Parents who pulled daughter from Kensington Primary report threat
BY ARLENE MARTIN-WILKINS Associate editor — news email@example.com
THE mother who pulled her daughter from Kensington Primary School in protest against adminstrators' use of corporal punishment as a disciplinary measure and to ensure that students maintain perfect grades, says she and her husband have been threatened and told to vacate their Portmore, St Catherine home.
Aretha Miller-Walker told the Jamaica Observer yesterday that the threat was made by a woman, who turned up at their gate about 7:00 Sunday evening, to enquire whether they had a daughter attending the school.
"My husband responded to a knocking at the gate. He saw a woman who asked if we had a daughter attending Kensington. He told her 'not anymore' after which she shouted 'so a oonu responsible fi di article, the war jus' start; oonu haffi lef' yah'," Miller-Walker said yesterday.
She said the loud-mouthed woman, who maintained that 'pickney fi get lick', told her husband that they had to find somewhere else to live 'cause wi nah go mek oonu tan yah and bring dung Kensington".
Miller-Walker said the woman left minutes later, after which she made a report to the Caymanas Police.
Last night, efforts to get a confirmation from the police were unsuccessful.
Miller-Walker, meanwhile, said she is concerned.
"My daughter is scared and I'm concerned because arrogant people will do stupid things. When I take my child to and from school I don't know who will throw a stone," she told the Observer.
Established in 1996, Kensington is regarded as one of the top primary schools across the island. The school maintains mastery levels in the high 90s in the grade four literacy and numeracy exams, in addition to placements at top high schools for students who sit the Grade Six Achievement Test.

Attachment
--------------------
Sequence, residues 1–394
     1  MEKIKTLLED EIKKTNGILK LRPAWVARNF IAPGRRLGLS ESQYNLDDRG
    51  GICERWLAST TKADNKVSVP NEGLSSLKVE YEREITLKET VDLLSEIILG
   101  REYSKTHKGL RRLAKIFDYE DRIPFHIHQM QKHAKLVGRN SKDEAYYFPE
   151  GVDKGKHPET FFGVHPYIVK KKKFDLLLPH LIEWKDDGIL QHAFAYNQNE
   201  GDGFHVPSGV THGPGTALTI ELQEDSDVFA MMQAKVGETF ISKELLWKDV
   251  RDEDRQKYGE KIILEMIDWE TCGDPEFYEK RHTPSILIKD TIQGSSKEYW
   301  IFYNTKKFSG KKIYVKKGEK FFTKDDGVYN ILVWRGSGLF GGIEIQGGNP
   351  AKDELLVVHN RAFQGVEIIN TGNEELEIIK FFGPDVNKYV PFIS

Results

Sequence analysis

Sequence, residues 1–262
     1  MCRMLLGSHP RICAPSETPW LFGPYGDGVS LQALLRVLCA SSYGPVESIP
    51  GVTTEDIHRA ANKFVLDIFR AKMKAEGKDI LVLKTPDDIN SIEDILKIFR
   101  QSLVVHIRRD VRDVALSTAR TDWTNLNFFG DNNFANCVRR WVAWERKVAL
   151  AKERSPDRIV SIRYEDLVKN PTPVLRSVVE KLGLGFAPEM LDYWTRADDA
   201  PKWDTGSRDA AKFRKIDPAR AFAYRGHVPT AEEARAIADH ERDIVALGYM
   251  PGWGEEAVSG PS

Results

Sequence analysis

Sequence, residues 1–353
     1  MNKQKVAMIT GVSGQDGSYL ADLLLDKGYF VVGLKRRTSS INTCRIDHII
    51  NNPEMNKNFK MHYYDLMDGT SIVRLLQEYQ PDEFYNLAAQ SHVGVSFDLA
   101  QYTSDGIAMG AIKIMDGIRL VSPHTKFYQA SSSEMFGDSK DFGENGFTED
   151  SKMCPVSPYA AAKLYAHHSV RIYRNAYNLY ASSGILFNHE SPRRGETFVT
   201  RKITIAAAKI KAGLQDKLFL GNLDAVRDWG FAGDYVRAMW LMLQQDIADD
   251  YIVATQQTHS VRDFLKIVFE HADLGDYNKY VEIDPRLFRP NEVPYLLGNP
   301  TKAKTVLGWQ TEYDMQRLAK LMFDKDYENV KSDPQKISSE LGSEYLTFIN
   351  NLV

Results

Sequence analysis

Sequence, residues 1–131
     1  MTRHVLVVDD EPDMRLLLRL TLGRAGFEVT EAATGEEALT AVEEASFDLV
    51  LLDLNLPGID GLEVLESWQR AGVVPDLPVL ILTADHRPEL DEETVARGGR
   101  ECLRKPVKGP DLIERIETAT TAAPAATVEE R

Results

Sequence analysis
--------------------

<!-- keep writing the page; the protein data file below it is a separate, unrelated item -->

In this week's Sunday Observer, Miller-Walker complained how she had to pull her daughter from the school when she became fearful after the child and others were subjected to constant beatings with a ruler when they did not score 100 per cent in their schoolwork.
What was worse, she said, was the reaction from the school's administration when she complained about the use of corporal punishment, which is not sanctioned by the education ministry.
She said her daughter's teacher, a male, described the child as an 'egg shell', while principal Carlene McCalla-Francis basically gave her a 'take-it-or-leave-it' ultimatum.
In a direct response to questions from the Sunday Observer, McCalla-Francis defended the use of corporal punishment at the school, but insisted that the beatings were in no way intended to harm her students.
"We are working under pressure here as we are given targets, so if you have a class where children have ability you can't just sit there and say who pass, pass, you have to do what you have to do. Two little slaps in the palm of the hands is not abuse," McCalla-Francis, who disclosed that she was taken before the court three times over the issue, was quoted as saying.
The Ministry of Education and the Office of the Children's Advocate have since launched separate probes into the matter.
Yesterday, Miller-Walker insisted that her dissatisfaction with the use of corporal punishment was not about discipline, but more about the maintaining of high grades.
"You cannot beat a child to learn like that and then when I'm trying to speak up for my child, you do not want to have any kind of dialogue," she said.